By S. S. Selvanayagam
The long-awaited national convention of Sri Lanka’s biggest plantations union, the CWC, hung in the balance yesterday after a rebel leader obtained a restraining order from a Colombo court.
The Ceylon workers’ Congress headed by Minster S. Thondaman had planned a big show of strength at today’s convention at the Sugathadasa Indoor Stadium in Colombo. But former stalwart M. S. Sellasamy who was removed two years ago as general secretary has obtained a court order to stop the convention till a dispute over his position is settled.
Mr. Sellasamy who now heads a rival union claims his removal from the post of CWC general secretary was illegal. He told The Sunday Times yesterday that copies of the court order had been faxed and sent by courier to the CWC leaders. He had also sent copies of the restraining order to the police chief, other top officers and to those in charge of the indoor stadium, indicating there could be contempt of court if they allowed the CWC to go ahead with its convention.
The CWC head office in Colombo was closed and Mr. Thondaman was not available for comment. But sources close to the leadership said they were consulting top lawyers last evening and no decision had been taken yet whether to go ahead or postpone the convention.
The Colombo District Court on Friday issued a 14-day injunction restraining the CWC from holding the convention.
Mr. Sellasamy who was general secretary of the CWC for 25 years, has claimed that today’s national convention was intended to regularise the appointment of Mr. Thondaman’s grandson Arumugam as the general secretary.
A dust storm hit President Chandrika Kumaratunga as she was getting ready to speak at a public rally in Bogambara on Friday.
It was caused by an SLAF helicopter which wanted to land at Bogambara, apparently unaware that the President and top ministers were there. Presidential security personnel waved off the chopper but it left the President and others covered with dust and the meeting was held up for more than five minutes while the VIP dusted the dust.
Last week, The Sunday Times reported a similar incident at the racecourse in Colombo where Musaeus College girls saw their white uniforms turning brown when a VIP chopper landed during their sports meet.
By Our Diplomatic Correspondent
There was near diplomatic disaster between China and Sri Lanka last month.
Beijing’s envoy in Colombo, Cheng Defu threatened to pull out of an official ceremony at the Foreign Ministry on March 10 where China was making a formal presentation to Sri Lanka to mark the 50th anniversary of independence.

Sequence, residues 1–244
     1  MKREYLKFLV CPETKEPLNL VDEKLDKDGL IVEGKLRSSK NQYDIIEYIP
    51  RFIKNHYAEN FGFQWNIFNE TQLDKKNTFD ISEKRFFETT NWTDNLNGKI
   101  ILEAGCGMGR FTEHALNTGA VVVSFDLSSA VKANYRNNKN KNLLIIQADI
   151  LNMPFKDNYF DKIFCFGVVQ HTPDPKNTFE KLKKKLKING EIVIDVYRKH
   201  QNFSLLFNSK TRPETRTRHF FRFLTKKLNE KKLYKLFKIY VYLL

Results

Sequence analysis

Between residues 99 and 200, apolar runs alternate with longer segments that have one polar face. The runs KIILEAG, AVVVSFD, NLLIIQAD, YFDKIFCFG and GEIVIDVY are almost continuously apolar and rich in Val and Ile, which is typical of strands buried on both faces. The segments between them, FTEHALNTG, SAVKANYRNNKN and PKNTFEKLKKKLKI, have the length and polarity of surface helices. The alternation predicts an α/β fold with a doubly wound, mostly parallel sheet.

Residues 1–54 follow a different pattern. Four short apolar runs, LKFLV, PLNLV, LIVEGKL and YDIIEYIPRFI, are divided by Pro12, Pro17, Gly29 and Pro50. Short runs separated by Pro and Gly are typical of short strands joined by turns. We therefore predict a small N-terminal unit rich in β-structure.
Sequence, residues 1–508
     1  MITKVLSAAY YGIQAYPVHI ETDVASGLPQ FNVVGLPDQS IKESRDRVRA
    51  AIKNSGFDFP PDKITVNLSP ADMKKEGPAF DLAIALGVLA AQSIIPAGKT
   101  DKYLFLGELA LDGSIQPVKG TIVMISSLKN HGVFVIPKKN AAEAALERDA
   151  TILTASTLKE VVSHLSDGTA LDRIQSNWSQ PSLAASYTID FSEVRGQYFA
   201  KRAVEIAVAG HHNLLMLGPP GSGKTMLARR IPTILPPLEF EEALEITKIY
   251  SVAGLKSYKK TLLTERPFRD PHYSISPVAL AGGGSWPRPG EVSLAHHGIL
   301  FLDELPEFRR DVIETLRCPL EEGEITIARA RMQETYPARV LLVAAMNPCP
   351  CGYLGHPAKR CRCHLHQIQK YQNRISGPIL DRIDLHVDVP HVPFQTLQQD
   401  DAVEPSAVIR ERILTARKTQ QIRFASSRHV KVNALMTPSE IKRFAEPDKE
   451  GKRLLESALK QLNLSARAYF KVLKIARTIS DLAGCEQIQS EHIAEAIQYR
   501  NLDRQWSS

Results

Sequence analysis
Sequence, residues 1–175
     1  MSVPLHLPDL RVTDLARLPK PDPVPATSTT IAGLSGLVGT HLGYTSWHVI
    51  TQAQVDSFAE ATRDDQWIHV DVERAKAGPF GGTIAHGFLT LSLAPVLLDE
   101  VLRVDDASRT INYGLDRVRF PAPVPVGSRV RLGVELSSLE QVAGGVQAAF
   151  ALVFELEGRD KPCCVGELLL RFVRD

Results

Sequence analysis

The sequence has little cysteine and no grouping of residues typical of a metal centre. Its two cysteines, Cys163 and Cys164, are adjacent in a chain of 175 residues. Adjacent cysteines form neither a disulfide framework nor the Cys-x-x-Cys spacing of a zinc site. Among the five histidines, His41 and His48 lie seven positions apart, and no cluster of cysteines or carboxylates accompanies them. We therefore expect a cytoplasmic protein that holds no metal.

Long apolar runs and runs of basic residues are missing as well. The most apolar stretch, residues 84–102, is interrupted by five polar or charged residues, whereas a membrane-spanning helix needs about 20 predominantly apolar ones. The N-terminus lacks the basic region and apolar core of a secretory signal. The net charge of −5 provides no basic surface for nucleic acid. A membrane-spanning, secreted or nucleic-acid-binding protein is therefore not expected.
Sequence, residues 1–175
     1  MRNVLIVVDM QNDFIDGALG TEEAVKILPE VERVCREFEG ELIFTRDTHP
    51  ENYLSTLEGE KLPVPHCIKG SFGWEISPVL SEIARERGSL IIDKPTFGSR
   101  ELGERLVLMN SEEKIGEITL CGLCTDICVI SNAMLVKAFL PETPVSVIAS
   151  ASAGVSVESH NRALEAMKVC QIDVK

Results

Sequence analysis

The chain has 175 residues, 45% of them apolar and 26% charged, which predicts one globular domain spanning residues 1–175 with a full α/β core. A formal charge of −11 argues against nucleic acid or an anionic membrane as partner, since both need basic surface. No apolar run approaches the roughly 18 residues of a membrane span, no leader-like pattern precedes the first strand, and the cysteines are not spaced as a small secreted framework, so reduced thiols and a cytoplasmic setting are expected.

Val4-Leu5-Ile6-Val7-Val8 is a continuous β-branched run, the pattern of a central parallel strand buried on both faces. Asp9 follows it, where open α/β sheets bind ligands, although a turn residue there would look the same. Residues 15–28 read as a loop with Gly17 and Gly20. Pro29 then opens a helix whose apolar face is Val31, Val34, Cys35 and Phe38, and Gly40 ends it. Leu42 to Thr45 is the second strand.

It was all over a Government move to deport Jin Wei, a Colombo based Correspondent for China’s national news agency, Xinhua.
Mr. Jin had moved a news story on the Xinhua wire that Navy Commander Vice Admiral Cecil Tissera, had died when Sea Tigers attacked a Navy convoy on March 1. Even after Information Department officials demanded an immediate retraction, Xinhua is said to have reported the denial but run an accompanying paragraph to assert that its original report was correct.
This was while Vice Admiral Tissera flew into Jaffna and was overseeing rescue operations or visiting the injured at the Palaly Military Hospital.
The news that Xinhua had moved the story reached the Ministry of Defence from a Sri Lankan diplomat serving in a Western capital. He had seen it on the internet and telephoned Defence Secretary Chandrananda de Silva. He had ordered the immediate arrest and deportation of Mr Jin.
CID detectives arrested Mr. Jin on February 27, a Friday, and were preparing to deport him on the first available flight at 6.30 am the following day.
The move infuriated Ambassador Cheng who protested in strongest possible terms to Foreign Secretary Wilhelm Woutersz. By that Friday night, a flurry of diplomatic activity was under way. Hardly an hour passed by without the Chinese envoy telephoning Mr. Woutersz to check whether the deportation order has been cancelled. The Foreign Secretary had to explain that he had already conveyed the representations to the Defence Secretary.
It was midnight when Ambassador Cheng telephoned Foreign Minister Lakshman Kadirgamar. The Sunday Times learns he made it clear that his Government will review taking part in a ceremony at the Foreign Ministry where China was making a gift to Sri Lanka.
A concerned Minister Kadirgamar promptly telephoned Defence Secretary Mr. de Silva and requested that Mr. Jin be not deported the next morning. He told the Defence Secretary he would take the “full responsibility” and to resolve matters the next day. The order to deport Mr. Jin was then put on hold.
The next day it was agreed at the highest levels that the decision not to deport Mr. Jin was wise. This is in view of Xinhua being a State news agency and the act of deportation would have a direct bearing on government-to-government relations. It may be recalled that before the hand over of Hong Kong to China, official Chinese Government activity was conducted from Xinhua’s bureau in Hong Kong.
China is not only a close trading partner but more importantly a principal source for military hardware for Sri Lankan security forces fighting a 16-year-old war with the LTTE. A significant feature of the Chinese weapons sales has been the most concessionary financing terms offered by China. Sri Lanka is said to owe China more than $ 25 million in recent deals alone.
The Jin Wei affaire has laid bare that there is no co-ordination between the Ministry of Defence with either the Foreign or Media Ministries over the handling of Colombo-based foreign correspondents. Mr. Jin, 19 years old, is said to be a young recruit of Xinhua and is now said to be on holiday. However, Foreign Ministry officials believe he may have been called back home for an inquiry.
The Government is of the view that Mr Jin should be replaced. This is based on the grounds that his erroneous reporting has embarrassed both Sri Lanka and Chinese Governments.
Jin Wei’s arrest came a fortnight after the Army searched the house of an Indian journalist. Media Minister Mangala Samaraweera, then assured that an official of his Ministry would be present during such searches in the future.